Optical control forms an important element in the viewing of the Taj. If one looks at the mausoleum from the Darwaza-i-Rauza, it looks small and distant. As one gradually approaches the monument, it begins to expand and look bigger. Also, many architectural features start becoming noticeable. The spatial arrangement of the formal garden also creates an optical illusion. The tombs of Humayun, Akbar, Itmad-ud-Daulah and Jahangir subscribed to the classic pattern of the tomb being placed at the centre of the char bagh. The Taj made an important improvisation to this scheme—the mausoleum, located on the riverfront, was placed at the end of the fourfold garden. This gave a sense of depth to the first view of the mausoleum from the gateway. Some scholars think this had an underlying political symbolism. The scholar Brandenburg argues that the placement of the char bagh at the head of the mausoleum was done to fit in a particular cosmological diagram where the Taj represented the “Throne of God”. The scholar Wayne Begley thinks that the mausoleum also reflected the perfection and authority of the Mughal leadership. To him the “Garden of Paradise” also formed the location of the “Throne of God” on the day of judgment.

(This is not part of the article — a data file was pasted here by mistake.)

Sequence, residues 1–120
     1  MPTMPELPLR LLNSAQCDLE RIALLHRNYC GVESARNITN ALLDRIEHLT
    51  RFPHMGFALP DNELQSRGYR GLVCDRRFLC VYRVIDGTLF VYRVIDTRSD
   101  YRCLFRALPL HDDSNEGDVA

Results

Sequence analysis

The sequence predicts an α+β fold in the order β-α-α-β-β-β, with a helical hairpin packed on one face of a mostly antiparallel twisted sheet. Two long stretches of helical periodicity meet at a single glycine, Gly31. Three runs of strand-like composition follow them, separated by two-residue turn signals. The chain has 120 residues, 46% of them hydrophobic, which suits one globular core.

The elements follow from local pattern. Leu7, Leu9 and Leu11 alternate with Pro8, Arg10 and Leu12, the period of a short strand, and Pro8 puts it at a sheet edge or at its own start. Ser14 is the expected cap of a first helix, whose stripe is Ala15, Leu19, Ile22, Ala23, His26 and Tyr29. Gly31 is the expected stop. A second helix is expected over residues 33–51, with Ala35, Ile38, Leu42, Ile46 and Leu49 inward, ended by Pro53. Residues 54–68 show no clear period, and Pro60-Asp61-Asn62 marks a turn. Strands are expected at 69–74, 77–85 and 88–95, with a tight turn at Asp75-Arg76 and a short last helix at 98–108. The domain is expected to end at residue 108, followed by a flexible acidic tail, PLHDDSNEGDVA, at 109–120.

The fourfold garden is further divided into four with a system of paved waterways, water channels and parterres and stone-bordered star-shaped buds. In the centre of the garden is a raised marble water tank called hawd al-kawthar (symbolising the tank of abundance promised to Muhammad) with a reflecting pool to reflect the image of the mausoleum.

One of the most unusual features of the Taj garden is the even distribution of water with equal pressure from the lotus-bud-shaped foundation. The scholar S.P. Verma points out that this was done by inserting copper pots in the water course between the underground water pipes and the fountains.